The day the border was crossed he drank sweet coffee. He had been waiting to hear a cuckoo. His father railed “Let them in!” and waved his handkerchief. The fields were yellow with rape. Vasily had his toys all over the carpet. His mother made soup. Later he would meet friends at the corner bar but make sure he returned home before dusk. The main roads were all busy with heavily laden cars and trucks. They were all headed in one direction. How quick things move, he thought. And how predictable this unpredictability. Oh she danced so well last night.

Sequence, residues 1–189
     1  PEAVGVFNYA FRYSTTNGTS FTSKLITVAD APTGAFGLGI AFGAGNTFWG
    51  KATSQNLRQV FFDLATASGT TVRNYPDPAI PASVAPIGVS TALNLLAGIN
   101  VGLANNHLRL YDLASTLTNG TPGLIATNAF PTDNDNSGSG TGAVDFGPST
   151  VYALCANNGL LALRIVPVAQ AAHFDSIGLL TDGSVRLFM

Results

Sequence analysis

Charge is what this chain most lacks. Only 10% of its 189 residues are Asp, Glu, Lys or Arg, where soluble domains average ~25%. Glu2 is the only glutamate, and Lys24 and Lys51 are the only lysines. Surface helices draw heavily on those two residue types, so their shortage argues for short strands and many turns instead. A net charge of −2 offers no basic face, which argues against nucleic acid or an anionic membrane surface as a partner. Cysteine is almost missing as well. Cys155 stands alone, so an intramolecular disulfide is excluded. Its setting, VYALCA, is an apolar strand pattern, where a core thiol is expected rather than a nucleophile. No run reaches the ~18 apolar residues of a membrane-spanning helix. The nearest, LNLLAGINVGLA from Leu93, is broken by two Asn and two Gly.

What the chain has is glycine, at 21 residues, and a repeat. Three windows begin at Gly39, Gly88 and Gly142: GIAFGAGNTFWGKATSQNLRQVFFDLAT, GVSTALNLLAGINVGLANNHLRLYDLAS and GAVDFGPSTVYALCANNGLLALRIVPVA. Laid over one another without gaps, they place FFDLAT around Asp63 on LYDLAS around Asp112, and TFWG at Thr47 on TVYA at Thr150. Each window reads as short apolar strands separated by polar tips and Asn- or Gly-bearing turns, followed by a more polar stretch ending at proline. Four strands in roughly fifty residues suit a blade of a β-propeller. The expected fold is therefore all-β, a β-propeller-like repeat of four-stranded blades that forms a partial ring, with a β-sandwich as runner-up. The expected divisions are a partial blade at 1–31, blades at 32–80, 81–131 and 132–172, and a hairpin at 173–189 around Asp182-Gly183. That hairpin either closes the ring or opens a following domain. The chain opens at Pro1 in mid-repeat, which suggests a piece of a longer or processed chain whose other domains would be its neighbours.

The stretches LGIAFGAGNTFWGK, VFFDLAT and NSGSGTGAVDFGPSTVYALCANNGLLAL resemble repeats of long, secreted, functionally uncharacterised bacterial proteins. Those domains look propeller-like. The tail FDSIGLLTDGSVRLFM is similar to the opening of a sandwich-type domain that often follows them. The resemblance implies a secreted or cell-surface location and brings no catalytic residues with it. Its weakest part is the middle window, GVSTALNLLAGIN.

Oh but the rains I remember, alternating with the regular insistence of windscreen wipers: downpour, drizzle, downpour, drizzle, downpour, drizzle. They seem so long ago. Now, the way I see it, the world is brighter. Plants bud sooner, the birds always sing. There are children playing in the cul-de-sacs and everyone, at any time, can glimpse the tiniest speck of summer. In February the sun is warm on my neck. If it rained last week I can’t remember. I walk to the shops, meet friends. I have no jacket with a hood, no umbrella. The reservoirs, they warn, are dry.